It’s easy to worry about running out of money in retirement. After all, many people will need hundreds of thousands of dollars (if not more) to sustain themselves for a long, happy retirement.
But what if you plunked down a portion of your retirement savings in return for a guaranteed monthly payment for the rest of your life, and possibly even your policy beneficiary’s life if you choose? That’s what many annuities promise. It sounds tempting, right? Unfortunately, there are a lot of downsides.
Annuities: The Bad
Once you put money into an annuity, it can be difficult to get it back. That’s one of the huge downsides of annuities: Once the terms for distribution are set, it’s generally out of your hands.
“It pays you a string of income, which is good,” says Oosterhart.
But if you find yourself in a financial emergency, like facing unexpected medical costs or job loss, you might not be able to access that money, or it might be too expensive to do so.
Annuities: The Ugly
Annuities can have notoriously high fees, sometimes up to 3% or more per year. Compare that to a retirement account at an investment company. For example, the investment company Vanguard doesn’t charge an annual account service fee for a traditional IRA as long as you have at least $10,000 in your account (and a fee of only $20 for each account with less than $10,000).
Annuity contracts may hit you elsewhere, with fees for actions like withdrawing your money early and adding on riders (additional policies that allow you to customize your annuity). The insurance company may even include administrative fees.
All these fees can add up to considerable confusion. For many people, the worst thing about annuities is just how darn complicated they can be to understand. There are enough policies, fees, terms, benefits, exclusions, riders, investment options and waiting periods to drive anyone away.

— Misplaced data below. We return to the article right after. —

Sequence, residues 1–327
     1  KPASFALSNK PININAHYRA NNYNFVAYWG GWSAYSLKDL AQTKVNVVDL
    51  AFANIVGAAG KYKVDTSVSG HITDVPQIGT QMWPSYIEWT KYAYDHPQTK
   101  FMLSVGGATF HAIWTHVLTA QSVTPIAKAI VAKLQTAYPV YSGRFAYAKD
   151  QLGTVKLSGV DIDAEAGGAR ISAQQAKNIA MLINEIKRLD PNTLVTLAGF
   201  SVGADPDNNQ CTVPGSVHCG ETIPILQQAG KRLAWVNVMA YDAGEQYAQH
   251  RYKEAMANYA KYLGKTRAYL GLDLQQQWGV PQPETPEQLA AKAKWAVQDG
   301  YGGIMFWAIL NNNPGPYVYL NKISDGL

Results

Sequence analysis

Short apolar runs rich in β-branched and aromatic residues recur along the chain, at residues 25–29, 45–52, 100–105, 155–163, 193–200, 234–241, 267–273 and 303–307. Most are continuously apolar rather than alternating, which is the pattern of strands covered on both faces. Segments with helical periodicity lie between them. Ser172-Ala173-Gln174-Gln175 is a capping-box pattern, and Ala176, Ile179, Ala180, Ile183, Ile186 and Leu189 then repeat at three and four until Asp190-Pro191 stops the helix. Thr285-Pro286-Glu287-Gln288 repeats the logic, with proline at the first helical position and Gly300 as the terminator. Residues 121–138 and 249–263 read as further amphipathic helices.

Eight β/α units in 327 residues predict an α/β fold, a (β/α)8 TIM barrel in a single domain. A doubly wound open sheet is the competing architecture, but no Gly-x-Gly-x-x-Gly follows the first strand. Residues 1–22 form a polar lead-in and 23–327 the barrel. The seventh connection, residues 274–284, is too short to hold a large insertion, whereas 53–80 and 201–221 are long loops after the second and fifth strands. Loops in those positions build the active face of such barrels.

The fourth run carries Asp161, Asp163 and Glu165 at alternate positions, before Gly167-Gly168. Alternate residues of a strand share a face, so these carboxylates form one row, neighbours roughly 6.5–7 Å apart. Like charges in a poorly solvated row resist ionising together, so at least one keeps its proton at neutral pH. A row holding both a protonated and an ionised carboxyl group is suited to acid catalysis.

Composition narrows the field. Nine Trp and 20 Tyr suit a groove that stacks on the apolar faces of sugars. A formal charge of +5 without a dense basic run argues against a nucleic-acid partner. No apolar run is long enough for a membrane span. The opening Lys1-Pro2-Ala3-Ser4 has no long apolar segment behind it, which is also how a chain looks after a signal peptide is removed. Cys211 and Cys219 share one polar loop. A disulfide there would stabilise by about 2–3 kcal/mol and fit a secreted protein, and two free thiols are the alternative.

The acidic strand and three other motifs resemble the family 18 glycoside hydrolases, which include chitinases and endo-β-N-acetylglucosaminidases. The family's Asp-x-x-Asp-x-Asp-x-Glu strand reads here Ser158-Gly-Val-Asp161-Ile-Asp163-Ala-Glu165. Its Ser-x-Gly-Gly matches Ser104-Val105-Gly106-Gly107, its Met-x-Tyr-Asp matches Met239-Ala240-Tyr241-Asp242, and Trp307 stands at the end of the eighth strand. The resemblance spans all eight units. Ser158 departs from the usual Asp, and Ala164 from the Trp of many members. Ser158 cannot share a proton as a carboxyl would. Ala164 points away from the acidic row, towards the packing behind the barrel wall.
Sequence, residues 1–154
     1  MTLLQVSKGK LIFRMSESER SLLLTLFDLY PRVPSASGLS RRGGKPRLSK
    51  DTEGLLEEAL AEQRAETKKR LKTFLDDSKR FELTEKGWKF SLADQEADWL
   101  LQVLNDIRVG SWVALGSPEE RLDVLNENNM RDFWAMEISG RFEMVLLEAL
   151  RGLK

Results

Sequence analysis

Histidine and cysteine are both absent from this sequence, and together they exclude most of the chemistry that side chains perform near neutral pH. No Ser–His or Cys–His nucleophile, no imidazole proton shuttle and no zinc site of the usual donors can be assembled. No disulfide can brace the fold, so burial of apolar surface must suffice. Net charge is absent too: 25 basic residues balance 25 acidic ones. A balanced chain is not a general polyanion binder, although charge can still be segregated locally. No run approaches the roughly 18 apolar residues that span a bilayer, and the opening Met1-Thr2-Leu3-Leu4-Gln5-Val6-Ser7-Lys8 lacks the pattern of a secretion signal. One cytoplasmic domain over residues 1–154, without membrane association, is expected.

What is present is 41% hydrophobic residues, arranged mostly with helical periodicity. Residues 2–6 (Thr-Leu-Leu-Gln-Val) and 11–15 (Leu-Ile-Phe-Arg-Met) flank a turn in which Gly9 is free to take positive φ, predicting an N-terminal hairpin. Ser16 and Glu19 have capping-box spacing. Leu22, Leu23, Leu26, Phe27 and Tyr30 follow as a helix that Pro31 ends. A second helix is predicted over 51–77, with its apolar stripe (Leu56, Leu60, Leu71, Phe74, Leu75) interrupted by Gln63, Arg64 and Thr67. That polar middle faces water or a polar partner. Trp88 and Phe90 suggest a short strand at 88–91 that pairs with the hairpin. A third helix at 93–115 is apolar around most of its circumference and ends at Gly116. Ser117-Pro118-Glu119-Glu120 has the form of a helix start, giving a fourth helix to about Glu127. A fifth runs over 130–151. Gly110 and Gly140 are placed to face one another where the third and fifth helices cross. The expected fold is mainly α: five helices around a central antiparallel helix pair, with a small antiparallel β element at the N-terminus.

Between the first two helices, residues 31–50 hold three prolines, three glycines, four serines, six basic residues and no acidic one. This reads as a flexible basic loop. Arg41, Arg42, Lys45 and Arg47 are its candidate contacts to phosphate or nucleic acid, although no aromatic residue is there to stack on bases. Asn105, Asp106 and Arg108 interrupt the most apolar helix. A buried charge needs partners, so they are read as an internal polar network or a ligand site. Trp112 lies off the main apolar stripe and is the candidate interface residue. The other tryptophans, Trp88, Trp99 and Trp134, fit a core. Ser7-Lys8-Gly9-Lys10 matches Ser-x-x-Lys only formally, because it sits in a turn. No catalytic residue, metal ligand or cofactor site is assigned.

Unfortunately, because annuities include so many terms, there’s an added risk that you’ll sign up for something you don’t fully understand. And if you don’t fully understand every detail of what you’re signing up for, it’s possible that an annuity can hurt your financial situation more than it helps.
Should annuities be a part of your financial plan?
That’s a complicated question that depends on your individual situation. But there are some general guidelines that financial professionals use.
“I’m not a big fan of using [annuities] for younger people,” says Oosterhart. “I would say that they’re more for those on the cusp of retirement or entering retirement. It allows them to have a part of their portfolio that is in line with fixed expenses.”
What does that even mean? Oosterhart gives a good example.
“One of my clients owes $10,000 a year in property tax. So we said, ‘OK, well, if we know that bill comes in every single year, why don’t we just make sure we cover that?’”
Oosterhart advised his client to purchase an annuity that pays out $10,000 per year.
“We tried to line up their fixed income [an annuity] with their fixed expenses [property taxes] in retirement.”
Like any financial tool, annuities have their place in some people’s plans. But because they can be confusing and convoluted, we don’t recommend setting one up on your own. Instead, consider a fee-only financial planner and maybe even a tax adviser to help you nail down your retirement plan, including what kind of annuities, if any, should be a part of it.5 questions to ask a financial adviser before you hire one